And the next president should be…

There are three things SRJC needs from its next president/superintendent: an ability to lead, the capacity to be the face of the school and the willingness to look unflinchingly at the economic realities facing the college. While both final candidates showed an ability to be a strong leader, only one demonstrated everything needed to be our next leader: Dr. Frank Chong.
While Dr. Joel Kinnamon may look good on paper, the two candidates were clearly not in the same league at the presidential forum. Where Chong was personable and specific, Kinnamon too often seemed unprepared and vague.
In his opening remarks, Chong introduced not only himself but gave a rundown of his main talking points: finding more funding for the school, preserving the history and reputation of the college and keeping the focus on the students. While Kinnamon brought a folksy, approachable appeal during the Q and A, he was entirely dependent upon his notes in his introductory statement.
The candidate SRJC selects will not only need to be personable, but capable of addressing large gatherings of students, faculty and community leaders. He is the one who must make the community understand that the needs of the school are the needs of the city and county. To do that, he must go beyond the role of public speaking and genuinely connect with people from all walks of life. As the crowd listened intently, Chong showed a capacity to tap into a wide array of situations and perspectives, providing thorough and confident responses mixed with intelligent snippets of humor.
More than a face, the school also needs a leader. Leaders have to be willing to take risks in an educated way. Again this was something Chong demonstrated with grace, thoughtfully answering a series of on-the-spot questions. He had done his research and knew where the school was strong and potentially weak. When he did not know an answer he admitted and demonstrated his knowledge of where to find the answer.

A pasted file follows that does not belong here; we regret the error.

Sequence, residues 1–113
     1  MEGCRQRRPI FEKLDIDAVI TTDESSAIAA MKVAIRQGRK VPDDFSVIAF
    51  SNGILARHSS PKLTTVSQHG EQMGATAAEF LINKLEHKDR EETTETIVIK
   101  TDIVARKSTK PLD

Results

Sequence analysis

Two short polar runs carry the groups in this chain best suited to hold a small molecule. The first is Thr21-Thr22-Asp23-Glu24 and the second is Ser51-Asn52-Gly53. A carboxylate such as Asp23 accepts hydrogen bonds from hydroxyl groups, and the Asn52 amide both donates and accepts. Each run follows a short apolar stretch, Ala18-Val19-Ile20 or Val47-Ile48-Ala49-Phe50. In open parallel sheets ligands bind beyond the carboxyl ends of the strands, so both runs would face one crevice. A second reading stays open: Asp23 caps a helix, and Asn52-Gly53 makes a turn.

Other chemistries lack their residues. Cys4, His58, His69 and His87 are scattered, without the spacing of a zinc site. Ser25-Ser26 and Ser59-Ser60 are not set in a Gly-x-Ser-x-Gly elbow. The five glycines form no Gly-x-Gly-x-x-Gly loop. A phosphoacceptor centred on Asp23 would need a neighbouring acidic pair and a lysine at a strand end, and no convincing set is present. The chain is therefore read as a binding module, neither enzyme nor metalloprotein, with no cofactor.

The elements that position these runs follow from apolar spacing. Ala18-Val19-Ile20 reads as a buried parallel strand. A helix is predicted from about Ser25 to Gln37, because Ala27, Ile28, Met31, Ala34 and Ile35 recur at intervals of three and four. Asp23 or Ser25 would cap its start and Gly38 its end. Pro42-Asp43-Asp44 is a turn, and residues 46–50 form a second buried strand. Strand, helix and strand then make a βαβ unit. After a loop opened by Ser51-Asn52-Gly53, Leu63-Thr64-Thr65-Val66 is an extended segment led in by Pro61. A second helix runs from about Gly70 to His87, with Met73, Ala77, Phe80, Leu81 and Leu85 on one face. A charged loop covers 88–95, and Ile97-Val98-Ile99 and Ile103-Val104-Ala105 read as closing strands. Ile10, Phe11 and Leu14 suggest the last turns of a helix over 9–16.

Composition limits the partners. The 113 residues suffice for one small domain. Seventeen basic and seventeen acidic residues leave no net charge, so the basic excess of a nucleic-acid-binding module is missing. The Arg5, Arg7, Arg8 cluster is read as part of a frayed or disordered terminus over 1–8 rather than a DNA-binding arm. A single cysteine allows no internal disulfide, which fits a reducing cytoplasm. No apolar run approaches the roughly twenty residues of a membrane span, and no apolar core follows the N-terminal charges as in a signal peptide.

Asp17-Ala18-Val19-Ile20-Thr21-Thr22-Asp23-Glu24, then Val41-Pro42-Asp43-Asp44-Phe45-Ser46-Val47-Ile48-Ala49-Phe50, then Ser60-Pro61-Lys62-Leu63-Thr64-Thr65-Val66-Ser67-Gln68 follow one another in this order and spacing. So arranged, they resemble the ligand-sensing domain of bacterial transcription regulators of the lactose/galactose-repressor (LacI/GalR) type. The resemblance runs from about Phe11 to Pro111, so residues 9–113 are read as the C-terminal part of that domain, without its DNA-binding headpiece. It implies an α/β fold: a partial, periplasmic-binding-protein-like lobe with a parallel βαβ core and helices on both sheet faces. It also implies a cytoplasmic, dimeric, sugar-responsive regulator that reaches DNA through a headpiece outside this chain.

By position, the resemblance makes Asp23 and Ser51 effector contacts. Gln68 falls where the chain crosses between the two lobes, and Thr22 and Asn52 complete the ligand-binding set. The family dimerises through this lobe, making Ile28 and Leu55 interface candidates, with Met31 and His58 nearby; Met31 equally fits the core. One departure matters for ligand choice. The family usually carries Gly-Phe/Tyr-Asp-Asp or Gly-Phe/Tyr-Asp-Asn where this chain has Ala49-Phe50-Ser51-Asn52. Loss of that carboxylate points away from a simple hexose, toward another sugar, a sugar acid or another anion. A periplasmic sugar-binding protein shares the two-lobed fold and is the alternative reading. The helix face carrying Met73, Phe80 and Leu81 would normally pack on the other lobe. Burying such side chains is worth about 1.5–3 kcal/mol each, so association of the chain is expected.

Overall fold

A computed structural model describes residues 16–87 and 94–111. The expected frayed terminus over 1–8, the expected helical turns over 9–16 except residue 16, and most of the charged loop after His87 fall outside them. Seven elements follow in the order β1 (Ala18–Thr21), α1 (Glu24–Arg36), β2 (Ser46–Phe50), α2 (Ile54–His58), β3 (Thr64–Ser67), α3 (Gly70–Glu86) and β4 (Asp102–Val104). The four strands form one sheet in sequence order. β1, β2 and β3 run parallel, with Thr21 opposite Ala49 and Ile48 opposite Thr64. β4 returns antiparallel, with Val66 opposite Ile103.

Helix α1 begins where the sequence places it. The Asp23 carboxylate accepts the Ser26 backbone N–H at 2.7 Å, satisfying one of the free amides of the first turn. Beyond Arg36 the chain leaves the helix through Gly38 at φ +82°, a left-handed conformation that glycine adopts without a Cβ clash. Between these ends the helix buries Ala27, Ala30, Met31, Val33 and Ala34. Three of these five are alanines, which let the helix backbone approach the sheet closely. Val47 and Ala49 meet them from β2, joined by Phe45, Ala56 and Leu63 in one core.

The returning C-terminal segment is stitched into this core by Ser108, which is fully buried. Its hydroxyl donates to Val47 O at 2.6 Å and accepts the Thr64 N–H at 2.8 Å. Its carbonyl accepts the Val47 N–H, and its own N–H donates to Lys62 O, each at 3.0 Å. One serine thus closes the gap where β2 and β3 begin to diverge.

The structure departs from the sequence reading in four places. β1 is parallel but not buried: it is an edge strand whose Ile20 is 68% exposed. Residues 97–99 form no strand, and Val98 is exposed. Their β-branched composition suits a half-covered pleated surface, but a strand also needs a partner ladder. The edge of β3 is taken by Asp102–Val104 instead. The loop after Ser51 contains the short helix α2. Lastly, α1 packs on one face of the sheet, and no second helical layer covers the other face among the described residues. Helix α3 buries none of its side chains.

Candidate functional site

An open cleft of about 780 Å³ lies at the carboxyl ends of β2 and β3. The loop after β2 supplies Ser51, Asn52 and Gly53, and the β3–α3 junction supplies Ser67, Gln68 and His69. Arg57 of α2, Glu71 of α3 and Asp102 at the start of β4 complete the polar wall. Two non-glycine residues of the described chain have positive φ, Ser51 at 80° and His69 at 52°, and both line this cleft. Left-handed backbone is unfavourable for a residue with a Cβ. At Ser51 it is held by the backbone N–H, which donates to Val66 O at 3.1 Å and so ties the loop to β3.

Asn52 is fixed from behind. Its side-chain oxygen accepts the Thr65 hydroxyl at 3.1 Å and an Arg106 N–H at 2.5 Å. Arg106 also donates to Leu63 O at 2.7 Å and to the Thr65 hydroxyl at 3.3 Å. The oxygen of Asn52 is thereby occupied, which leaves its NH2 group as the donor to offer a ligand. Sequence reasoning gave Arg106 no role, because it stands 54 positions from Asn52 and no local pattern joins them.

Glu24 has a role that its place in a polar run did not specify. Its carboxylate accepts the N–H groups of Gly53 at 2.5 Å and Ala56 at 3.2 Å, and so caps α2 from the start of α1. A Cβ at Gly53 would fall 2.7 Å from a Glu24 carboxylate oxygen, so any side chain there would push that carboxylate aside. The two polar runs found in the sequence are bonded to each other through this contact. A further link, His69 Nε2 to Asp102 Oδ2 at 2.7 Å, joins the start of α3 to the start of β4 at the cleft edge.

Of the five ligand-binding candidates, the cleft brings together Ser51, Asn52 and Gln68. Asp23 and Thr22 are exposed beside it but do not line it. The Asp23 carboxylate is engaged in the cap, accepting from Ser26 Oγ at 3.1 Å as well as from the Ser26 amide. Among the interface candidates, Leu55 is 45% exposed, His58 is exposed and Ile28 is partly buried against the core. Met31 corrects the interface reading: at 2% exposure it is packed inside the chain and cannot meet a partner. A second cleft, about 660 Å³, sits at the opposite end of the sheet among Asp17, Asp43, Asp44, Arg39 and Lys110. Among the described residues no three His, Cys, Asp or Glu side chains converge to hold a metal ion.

Kinnamon repeatedly admitted he didn’t know how our school has treated particular problems, or what our policies are and how they’re implemented. While he often encouraged to keep the discussion going with faculty and staff later his arguers rarely went below the surface to the heart of the issue.
Both candidates were asked about their leadership heroes. Chong cited his current boss and offered anecdotes showing the value of humility in a leader. Kinnamon cited highly respected figures including Mother Teresa and Gandhi without providing any clear way of how they demonstrated leadership and related to his own personal leadership goals.
Besides being the face of the school and providing leadership, our next president superintendent needs to be willing and able to address the financial concerns that affect not only SRJC, but also every school in the state. From the beginning Chong stressed that our school must find ways to, as he put it, “expand the pie.” This is a place where his contacts and experience as a U.S. Deputy Assistant Secretary of the Department of Education and former member of the U.S. President’s Cabinet will prove invaluable on the state and federal level. In addition to having the contacts necessary to help develop more revenue streams, Chong also showed an awareness that a school budget doesn’t always have the resources for everything you would want. This understanding can help a leader work through tough decisions, rather than passing problems from committee to committee in the hope that they will simply go away or disappear.
Kinnamon touched briefly on generating revenue for his current colleges, most notably through state and federal funded grants. He  mentioned his involvement with local businesses and alluded that would be a possible approach to working with SRJC’s fiscal challenges, but never stated any defined strategy for SRJC to deal with its budgetary problems.
For these reasons the Oak Leaf Newspaper would like to extend our endorsement of Dr. Frank Chong for the position of president/superintendent of Santa Rosa Junior College.